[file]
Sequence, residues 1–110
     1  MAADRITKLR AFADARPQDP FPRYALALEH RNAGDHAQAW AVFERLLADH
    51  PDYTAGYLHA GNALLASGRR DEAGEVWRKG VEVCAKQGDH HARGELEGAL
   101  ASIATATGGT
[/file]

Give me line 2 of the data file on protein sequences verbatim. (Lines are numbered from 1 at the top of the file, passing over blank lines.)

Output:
     1  MAADRITKLR AFADARPQDP FPRYALALEH RNAGDHAQAW AVFERLLADH